The Martian (2015)

9 Oct

So here’s the rub:

Mark Watney (Matt Damon) is stuck on Mars – left for dead by his crew members during a freak sandstorm – and he has no way of making contact with anybody back on Earth. Supplies for food, oxygen, and water are extremely limited, and the next scheduled Mars landing isn’t for another 4 years. Fortunately, Watney is a highly skilled botanist (and apparently, amatuer comedian), very capable of growing his own food and creating a somewhat habitable space on the red planet – if he can summon the willpower to do so.

Based off the novel by Andy Weir and Directed by Ridley Scott (Blade Runner, Alien, Gladiator), The Martian is an inter-planetary survival story overflowing science, humor, and heart.  Unfortunately, the disjointed plot wears a little thin in lieu of it’s feel good spirit.

Scott, like some of his contemporaries Christopher Nolan, James Cameron, and Steven Spielberg, has always been a bit of populist, and here he carefully inserts his love of brainy science within a crowd-pleasing blockbuster format. It’s less ambitious than last year’s mind-melting Innerstellar, but it contains just as much optimism for the chemistry geeks who offer the most hope for humanity’s future.

While The Martian gives us enough hard science to make up an episode of Cosmos, it lacks much of the drama or narrative tension needed to sustain a film 140 minutes long. An ensemble cast that features Jessica Chastain, Jeff Daniels, Kristin Wiig, Chiwetel Ejiofor, Sean Bean, Kate Mara, Michael Pena, Donald Glover, Sebastian Stan, Aksel Hennie, and Mackenzie Davis, give us little of actual characters and more of simple talking heads needed to relay technical information to each other.  Perhaps the most developed character is Matt Damon’s Mark “I’m going to science the shit out of mars” Watney. Damon has always been a likeable actor, but he is as charming as ever in The Martian with plenty of charisma and wittiness – even when he is facing death.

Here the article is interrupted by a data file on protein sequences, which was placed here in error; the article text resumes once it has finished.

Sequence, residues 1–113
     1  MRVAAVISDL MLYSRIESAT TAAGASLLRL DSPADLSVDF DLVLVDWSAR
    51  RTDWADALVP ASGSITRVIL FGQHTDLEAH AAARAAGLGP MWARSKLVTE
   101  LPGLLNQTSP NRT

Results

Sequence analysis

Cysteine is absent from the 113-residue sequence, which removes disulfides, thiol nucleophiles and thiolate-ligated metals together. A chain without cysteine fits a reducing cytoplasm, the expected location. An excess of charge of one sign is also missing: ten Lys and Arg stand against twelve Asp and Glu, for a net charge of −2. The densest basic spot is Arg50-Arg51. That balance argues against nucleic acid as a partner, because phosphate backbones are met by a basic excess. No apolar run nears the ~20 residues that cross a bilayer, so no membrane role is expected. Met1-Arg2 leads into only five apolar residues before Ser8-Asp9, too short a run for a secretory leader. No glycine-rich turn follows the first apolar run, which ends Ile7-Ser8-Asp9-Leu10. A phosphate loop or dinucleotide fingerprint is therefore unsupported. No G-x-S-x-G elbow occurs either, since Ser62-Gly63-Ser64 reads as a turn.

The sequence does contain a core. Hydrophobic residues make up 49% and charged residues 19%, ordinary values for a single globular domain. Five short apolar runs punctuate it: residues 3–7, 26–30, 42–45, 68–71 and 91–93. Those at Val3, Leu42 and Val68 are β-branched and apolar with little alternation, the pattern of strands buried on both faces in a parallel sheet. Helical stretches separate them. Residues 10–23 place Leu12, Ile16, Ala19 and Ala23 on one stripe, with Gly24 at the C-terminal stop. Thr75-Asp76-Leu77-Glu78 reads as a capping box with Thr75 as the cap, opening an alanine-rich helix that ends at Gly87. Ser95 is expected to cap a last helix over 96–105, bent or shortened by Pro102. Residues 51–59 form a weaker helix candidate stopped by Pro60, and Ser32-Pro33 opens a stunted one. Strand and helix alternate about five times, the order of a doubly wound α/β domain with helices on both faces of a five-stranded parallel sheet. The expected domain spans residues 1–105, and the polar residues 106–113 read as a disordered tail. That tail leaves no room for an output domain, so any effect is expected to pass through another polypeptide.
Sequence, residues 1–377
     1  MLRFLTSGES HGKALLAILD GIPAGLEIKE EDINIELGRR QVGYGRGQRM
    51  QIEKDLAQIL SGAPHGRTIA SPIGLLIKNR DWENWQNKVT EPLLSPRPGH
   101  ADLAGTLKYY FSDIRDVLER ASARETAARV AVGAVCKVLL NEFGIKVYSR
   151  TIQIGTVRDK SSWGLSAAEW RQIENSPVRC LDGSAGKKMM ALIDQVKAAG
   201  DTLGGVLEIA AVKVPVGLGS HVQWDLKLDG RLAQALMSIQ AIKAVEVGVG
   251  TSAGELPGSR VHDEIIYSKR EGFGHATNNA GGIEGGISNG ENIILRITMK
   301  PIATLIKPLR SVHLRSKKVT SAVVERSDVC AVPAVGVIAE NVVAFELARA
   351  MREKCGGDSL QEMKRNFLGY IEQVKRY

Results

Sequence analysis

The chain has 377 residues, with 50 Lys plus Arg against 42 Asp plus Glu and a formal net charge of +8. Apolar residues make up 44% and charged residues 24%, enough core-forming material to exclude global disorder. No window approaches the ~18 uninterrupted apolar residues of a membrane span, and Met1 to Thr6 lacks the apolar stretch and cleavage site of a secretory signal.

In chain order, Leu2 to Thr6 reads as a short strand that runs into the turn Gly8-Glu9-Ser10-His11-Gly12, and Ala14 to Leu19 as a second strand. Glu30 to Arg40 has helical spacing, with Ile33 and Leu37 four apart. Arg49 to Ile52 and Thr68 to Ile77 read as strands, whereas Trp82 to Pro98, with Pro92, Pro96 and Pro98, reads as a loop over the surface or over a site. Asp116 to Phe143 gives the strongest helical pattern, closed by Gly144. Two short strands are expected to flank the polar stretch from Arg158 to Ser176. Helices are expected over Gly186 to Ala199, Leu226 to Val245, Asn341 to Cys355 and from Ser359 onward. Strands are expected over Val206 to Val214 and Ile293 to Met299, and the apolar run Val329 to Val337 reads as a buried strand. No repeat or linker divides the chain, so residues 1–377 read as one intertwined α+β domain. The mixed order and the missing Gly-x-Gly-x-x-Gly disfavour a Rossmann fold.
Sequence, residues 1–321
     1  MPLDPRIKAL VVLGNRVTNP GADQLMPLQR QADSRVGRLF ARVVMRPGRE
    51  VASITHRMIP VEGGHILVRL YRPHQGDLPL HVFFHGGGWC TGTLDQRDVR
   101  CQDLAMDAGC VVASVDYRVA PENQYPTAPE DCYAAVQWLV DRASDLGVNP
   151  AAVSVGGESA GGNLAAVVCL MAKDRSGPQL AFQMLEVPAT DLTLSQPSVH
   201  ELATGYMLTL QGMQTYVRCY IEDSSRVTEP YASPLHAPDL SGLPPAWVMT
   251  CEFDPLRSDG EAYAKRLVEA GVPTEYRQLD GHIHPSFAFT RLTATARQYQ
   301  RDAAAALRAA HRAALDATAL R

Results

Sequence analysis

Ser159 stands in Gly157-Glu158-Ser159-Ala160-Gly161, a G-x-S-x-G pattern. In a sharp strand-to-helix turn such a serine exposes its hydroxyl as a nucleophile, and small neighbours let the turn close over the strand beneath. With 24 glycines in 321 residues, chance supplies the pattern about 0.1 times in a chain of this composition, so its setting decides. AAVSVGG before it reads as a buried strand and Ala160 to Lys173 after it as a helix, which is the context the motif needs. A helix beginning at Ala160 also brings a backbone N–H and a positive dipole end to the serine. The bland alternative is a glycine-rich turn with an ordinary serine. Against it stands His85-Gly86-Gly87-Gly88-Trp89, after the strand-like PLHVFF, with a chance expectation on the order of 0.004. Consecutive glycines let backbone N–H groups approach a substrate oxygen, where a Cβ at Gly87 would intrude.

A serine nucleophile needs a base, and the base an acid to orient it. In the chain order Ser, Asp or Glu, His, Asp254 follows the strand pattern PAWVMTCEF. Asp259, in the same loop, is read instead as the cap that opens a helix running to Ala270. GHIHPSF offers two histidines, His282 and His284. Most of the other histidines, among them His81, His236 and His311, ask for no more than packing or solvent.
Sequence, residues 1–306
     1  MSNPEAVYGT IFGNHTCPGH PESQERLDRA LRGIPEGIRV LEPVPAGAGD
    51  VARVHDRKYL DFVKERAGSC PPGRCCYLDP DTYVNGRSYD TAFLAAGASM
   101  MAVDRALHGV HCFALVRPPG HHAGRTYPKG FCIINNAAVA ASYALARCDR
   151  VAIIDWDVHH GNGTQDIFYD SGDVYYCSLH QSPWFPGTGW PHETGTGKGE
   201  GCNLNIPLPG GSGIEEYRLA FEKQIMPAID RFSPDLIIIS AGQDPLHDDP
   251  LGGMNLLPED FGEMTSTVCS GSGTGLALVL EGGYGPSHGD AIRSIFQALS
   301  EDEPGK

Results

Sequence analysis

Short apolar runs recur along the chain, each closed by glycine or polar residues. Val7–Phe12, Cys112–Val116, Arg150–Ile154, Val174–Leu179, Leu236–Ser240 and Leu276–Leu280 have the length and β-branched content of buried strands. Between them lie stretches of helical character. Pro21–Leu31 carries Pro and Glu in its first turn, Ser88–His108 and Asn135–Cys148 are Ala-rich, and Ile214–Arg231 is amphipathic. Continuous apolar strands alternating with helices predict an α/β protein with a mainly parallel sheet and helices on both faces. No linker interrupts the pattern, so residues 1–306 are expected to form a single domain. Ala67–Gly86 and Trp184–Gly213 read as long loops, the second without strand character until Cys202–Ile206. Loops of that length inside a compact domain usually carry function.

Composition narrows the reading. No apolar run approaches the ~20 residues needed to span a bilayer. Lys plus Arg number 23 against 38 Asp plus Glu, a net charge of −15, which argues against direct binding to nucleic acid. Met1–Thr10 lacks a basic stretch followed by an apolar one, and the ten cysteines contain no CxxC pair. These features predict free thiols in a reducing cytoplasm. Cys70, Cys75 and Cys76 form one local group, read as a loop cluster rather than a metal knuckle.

The little drama that exists lies with a Sean Bean/Jeff Daniels/Chiwetel Ejiofor corporate triangle, where NASA head Teddy Sanders (Jeff Daniels) is faced with the moral dilemma of whether or not it’s justified to risk other astronauts lives at the expense of saving one. It’s a theme that’s never gets fully developed, with Scott instead opting for a style-over-substance epic that’s high on details but low on thematic material. The Martian does a good job at keeping things visually interesting, showcasing both Scott’s technical experience with tentpole films and the dynamics of (visual and interplanetary) space.

Bottom Line: With a story too simple for its lengthy running time, The Martian is a light hearted and extremely accessible crowdpleaser.

Bourne in space.

Rating: 7/10

Film Recipe: Interstellar + 127 Hours + All Is Lost

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2 Responses to “The Martian (2015)”

  1. Consume and Review October 10, 2015 at 2:00 am #

    Great review. It’s an excellent film, but I agree it certainty felt like Scott was playing things a little too safe to ensure the film would please everyone. Check out my review and let me know your thoughts.

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  1. Arrival (2016) | A Journey Through Cinema - November 16, 2016

    […] science-conscious sci-fi film.” Following in the steps of films like Interstellar and The Martian , Arrival presents us with a problem that lands squarely on the shoulders of scientists for […]

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